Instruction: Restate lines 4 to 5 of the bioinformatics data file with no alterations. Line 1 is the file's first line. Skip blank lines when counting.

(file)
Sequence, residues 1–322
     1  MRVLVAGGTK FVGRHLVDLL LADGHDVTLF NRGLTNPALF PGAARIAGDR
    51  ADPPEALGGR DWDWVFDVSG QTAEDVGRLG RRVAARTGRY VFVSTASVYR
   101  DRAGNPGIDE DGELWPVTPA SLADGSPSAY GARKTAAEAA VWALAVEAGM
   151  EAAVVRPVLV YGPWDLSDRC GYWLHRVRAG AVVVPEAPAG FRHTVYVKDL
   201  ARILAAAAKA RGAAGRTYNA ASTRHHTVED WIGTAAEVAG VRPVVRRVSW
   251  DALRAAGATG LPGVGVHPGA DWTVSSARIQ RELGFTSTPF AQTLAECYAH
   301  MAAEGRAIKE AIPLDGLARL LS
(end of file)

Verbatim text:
   101  DRAGNPGIDE DGELWPVTPA SLADGSPSAY GARKTAAEAA VWALAVEAGM
   151  EAAVVRPVLV YGPWDLSDRC GYWLHRVRAG AVVVPEAPAG FRHTVYVKDL